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The Path to Somerset

(The Seymour Saga #2)

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4.38  ·  Rating details ·  82 ratings  ·  23 reviews
After the tragic romance of Jane the Quene, the second book in The Seymour Saga trilogy, The Path to Somerset, takes a dark turn through an era in which King Henry VIII descends into cynicism, suspicion and fits of madness – and in which mistakes mean death.

Edward Seymour’s future is uncertain. Although his sister Jane bore Henry the son he’d sought for twenty years, whe
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Kindle Edition, 379 pages
Published August 24th 2018
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Average rating 4.38  · 
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Erin
Sep 18, 2019 rated it really liked it
Find this and other reviews at: https://historicalfictionreader.blogs...

Forget all you know - or think you know - about Tudor fiction, because Janet Wertman’s The Path to Somerset is like nothing else on the market.

Picking up in the wake of Jane’s death, book two of The Seymour Saga chronicles the rivalry between Edward Seymour and Bishop Stephen Gardiner as they vie for the favor of a king enslaved by his own grief, ambition, and failing health. A thematically layered narrative, The Path to
Som
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Juliew.
Jan 31, 2019 rated it really liked it
Actually really sorry I had to start with the second book in this series.I definitely would have liked to begin with the first book in this intelligent,fact based series had I been able to come up with it.Nevertheless this was an account of Edward Seymour's life after the death of his sister Jane and also one of the more truthful historical fictions I have read about the Seymour family.I really agreed with the author's portrayal of Edward and the in order timeline of the story.I thought it was a ...more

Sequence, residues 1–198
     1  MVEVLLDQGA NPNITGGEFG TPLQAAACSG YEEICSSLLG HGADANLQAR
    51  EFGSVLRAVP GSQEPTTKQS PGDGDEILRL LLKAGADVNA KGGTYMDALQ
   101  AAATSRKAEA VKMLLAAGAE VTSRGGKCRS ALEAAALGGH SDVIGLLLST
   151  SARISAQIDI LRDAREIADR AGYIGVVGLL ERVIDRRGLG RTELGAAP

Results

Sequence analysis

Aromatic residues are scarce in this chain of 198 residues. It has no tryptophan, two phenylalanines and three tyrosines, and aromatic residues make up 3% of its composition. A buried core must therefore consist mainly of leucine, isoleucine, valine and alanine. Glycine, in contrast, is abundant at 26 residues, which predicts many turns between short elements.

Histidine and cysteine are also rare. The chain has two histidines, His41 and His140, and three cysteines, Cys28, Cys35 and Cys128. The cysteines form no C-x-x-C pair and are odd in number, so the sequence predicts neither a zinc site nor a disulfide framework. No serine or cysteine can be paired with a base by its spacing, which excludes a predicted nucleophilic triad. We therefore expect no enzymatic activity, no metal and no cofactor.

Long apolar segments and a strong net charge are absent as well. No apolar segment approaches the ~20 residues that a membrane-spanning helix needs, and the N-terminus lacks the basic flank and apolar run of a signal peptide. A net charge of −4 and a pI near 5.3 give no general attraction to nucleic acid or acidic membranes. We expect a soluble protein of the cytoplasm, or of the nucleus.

Linda Root
Jul 30, 2019 rated it it was amazing
I reviewed the first novel in Janet Wertman’s Seymour Saga, Jane the Quene, for the Review blog in 2017 and was impressed by its unique view of Henry VIII’s third queen, yet one rendered with a high degree of historical accuracy. Most books written about Jane Seymour, be they fiction or history, tend to be more about Anne Boleyn than the woman who replaced her. History has labeled Anne as an exciting woman in an era populated by colorful personalities, while even Jane’s contemporaries referred t ...more
Rajiv
Oct 23, 2020 rated it really liked it

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The Path to Somerset is a compelling continuation of treachery, trouble, and tension of the Tudor Era.

The story turned out to be much darker than the previous book. The main thing that stood out is the power play between Edward/Cromwell and Norfolk/Gardiner. The prior want to reform the religious practices while the latter wants to conserve it.

Edward is magnetic in the role as he tries to get Henry to take his side over Norfolk.
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Heidi Malagisi
Feb 07, 2019 rated it it was amazing
Edward Seymour, the brother of Thomas and Jane Seymour, as well as the uncle of Edward VI. Many people remember him for his role as Lord Protector to his nephew as well as his role in the execution of his brother Thomas. That, however, is only a small snapshot into the life of an interesting man. His life after his sister Jane died and before he became the 1st Duke of Somerset was one of twists and turns. Nothing was safe for the brother of Henry VIII’s most beloved wife, especially when it came ...more
Mary Milner
Feb 26, 2019 rated it it was amazing